Miriam E. Tucker

May 20, 2014

LAS VEGAS — An ongoing federally funded study of the health of Hispanics in the United States is yielding nuanced and complex data, with one clear finding: There is no single "Hispanic" profile.

But it does show that metabolic syndrome and diabetes is a big problem, albeit one that varies across the different Latino groups, study project manager Larissa Avilés-Santa, MD, from the National Heart, Lung, and Blood Institute (NHLBI), Bethesda, Maryland, said here at the American Association of Clinical Endocrinologists (AACE) 23rd Annual Scientific and Clinical Congress.

Metabolic syndrome overall among the Hispanic groups is 35%, compared with just 22.5% in the US population as a whole. And the prevalence of diabetes is 16.9% among Hispanics, compared with 11.3% for all US adults. But this prevalence varies, from just 10.2% among those of South American origin to 18.3% for those with Mexican backgrounds.

And curiously, while Mexicans have the highest rates of diabetes among the Hispanic groups, they join South Americans at the bottom of the list for hypertension (around 20% for both), while those of Caribbean origin (Puerto Rico, Dominican Republic) have the highest hypertension rates (around 30% for both).

"One of the main messages is that Hispanics are not a monolith. It has been assumed for a long time that Hispanics are one unique group, that we all behave the same, eat the same, dance the same…and that is not the case. Although there are cultural, historical, and religious similarities, we also have differences," Dr. Avilés-Santa told Medscape Medical News.

She had this advice for doctors: "Assuming homogeneity is not the way to address clinical care with Hispanics. It's better to ask questions, get to know the patient, and go from there."

And session moderator Jaime Davidson, clinical professor of internal medicine at the University of Texas Southwestern Medical School, Dallas, advised endocrinologists: "We need to get more involved. There are not enough of us. Any girl born in the US to Latino parents has a 1 in 2 chance of developing diabetes in her lifetime. It's almost the same for males. This is a real epidemic."

Largest Study of Hispanic Health in United States

The Hispanic Community Health Study (HCHS)/Study of Latinos (SOL) is the largest study of Hispanic health in the United States and began in 2006. It is cofunded by the NHLBI along with 6 other institutes of the NIH and aims to identify cardiovascular and pulmonary risk factors — and protective factors — among diverse US Hispanic/Latino groups.

There are 16,415 participants aged 18 to 74 at 4 field centers (San Diego; Chicago; Miami; and Bronx, New York), and the trial has now been funded through to 2019. Most (79%) were born outside the United States/Puerto Rico.

Mexicans/Mexican-Americans are the largest group, 39%, followed by 17% who self-identified as Puerto Rican, 14% Cuban, 11% Central American, 9% Dominican, 7% South American, and 3% from more than 1 country.

Participants undergo extensive evaluation at baseline and are reassessed at regular intervals. "It's an epidemiological study, not a clinical trial. It's a study to collect information in order to better understand Hispanic healthcare," Dr. Avilés-Santa said.

Why Do US Hispanics Live Longer?

Officials hope the study will answer a curious paradox that initially came to light in 2010, the first year that complete data on Hispanics in the United States were available.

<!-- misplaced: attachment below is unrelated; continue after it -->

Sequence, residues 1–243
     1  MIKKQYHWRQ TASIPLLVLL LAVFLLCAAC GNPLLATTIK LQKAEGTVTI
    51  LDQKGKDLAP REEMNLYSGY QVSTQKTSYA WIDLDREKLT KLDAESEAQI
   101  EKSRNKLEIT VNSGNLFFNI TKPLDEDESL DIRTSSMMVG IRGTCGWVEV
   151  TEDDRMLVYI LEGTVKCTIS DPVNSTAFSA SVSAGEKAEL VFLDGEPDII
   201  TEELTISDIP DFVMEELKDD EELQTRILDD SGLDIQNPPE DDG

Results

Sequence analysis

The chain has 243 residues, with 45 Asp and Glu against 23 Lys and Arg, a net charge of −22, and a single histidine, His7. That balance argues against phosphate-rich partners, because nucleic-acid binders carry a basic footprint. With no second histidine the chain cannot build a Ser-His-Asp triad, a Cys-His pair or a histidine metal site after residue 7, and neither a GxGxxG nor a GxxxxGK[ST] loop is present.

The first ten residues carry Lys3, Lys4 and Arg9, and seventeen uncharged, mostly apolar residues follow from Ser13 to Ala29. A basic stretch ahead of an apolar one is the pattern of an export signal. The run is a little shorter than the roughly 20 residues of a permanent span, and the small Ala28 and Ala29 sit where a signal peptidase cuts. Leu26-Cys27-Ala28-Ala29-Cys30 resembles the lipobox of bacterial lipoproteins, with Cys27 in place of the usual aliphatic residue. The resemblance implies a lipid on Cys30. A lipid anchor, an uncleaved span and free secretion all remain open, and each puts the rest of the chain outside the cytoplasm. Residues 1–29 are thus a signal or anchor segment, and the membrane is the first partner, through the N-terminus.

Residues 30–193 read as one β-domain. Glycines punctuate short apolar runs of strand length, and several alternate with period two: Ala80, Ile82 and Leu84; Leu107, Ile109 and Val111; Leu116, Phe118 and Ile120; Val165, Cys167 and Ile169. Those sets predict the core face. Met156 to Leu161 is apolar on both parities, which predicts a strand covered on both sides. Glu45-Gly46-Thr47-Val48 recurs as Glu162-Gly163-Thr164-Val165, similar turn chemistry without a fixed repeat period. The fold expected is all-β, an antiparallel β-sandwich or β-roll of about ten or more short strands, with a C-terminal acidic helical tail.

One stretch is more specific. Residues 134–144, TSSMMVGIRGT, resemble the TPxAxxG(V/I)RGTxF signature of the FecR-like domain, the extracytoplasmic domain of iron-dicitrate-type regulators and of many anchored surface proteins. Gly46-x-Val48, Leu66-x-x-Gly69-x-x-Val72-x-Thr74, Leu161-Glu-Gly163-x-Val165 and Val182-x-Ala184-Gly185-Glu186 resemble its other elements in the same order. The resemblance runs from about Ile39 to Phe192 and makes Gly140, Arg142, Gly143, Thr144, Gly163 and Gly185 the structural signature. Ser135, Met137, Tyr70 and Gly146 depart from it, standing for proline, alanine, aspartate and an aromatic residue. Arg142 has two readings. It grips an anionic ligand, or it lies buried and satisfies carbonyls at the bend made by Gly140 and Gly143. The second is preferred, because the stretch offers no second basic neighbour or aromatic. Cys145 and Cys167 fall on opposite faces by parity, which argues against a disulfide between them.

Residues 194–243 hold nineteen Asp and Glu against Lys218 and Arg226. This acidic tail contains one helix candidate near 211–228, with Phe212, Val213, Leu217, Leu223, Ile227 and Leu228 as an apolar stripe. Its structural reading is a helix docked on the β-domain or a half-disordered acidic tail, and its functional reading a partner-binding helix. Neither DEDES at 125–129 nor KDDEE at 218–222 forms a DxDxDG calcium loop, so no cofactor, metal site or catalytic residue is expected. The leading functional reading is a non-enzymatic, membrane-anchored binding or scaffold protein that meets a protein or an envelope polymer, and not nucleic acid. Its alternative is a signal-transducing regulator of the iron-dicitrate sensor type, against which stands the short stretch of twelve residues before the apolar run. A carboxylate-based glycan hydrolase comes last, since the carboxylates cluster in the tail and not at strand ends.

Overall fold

Despite lower socioeconomic status and higher rates of cardiovascular risk factors, Hispanics actually live longer than do non-Hispanic whites or African Americans. In 2011, life expectancy for Hispanics overall was 81.4 years, compared with 78.7 years for the US population as a whole.

Hispanic women have the highest life expectancy, 83.7 years, according to data from the Centers for Disease Control and Prevention

"We want to go underneath and understand [what is] happening in every Hispanic group," Dr. Avilés-Santa said. "Are we living longer and healthier? [If so] we want to know what we're doing well. Or are we living longer with more health problems? And, what can we do about it?" she told a media briefing at AACE.

Indeed, Dr. Davidson told Medscape Medical News, "There is a lot of enigma here. With so much diabetes, so much amputation, so much end-stage renal disease, how do we happen to live longer? Hopefully the future will give us the answers."

Dr. Avilés-Santa said the data so far indicate that doctors need to watch out for a high burden of risk factors and for diabetes at a young age among different Latino groups.

They also need to be on the lookout for hypercholesterolemia and for cardiac structural abnormalities prior to a clinical diagnosis of diabetes. Other important findings include the fact that many older Hispanic people have unrecognized diabetes, and there are issues around sleep-disordered breathing and unrecognized dyspnea and pulmonary disease.

In addition, the study is also investigating social determinants of health such as insurance coverage, and in a separate arm, genetic analyses are being performed.

While the study is aiming to unearth as much information as possible, it still may not ultimately explain all the variation, Dr. Avilés-Santa acknowledged.

"Language barriers, discrimination, resilience, faith, beliefs about health and disease….All of this may play a big role in the difference we're observing among Hispanic groups," she concluded.

Dr. Avilés-Santa is a federal employee and has no relevant financial relationships. Dr. Davidson has received advisory board, speaker, and/or consultant honoraria from Eli Lilly, Aspire Bariatrics, AstraZeneca/Bristol-Myers Squibb, Janssen, and Novo Nordisk .

American Association of Clinical Endocrinologists (AACE) 23rd Annual Scientific and Clinical Congress. Presented May 15, 2014.


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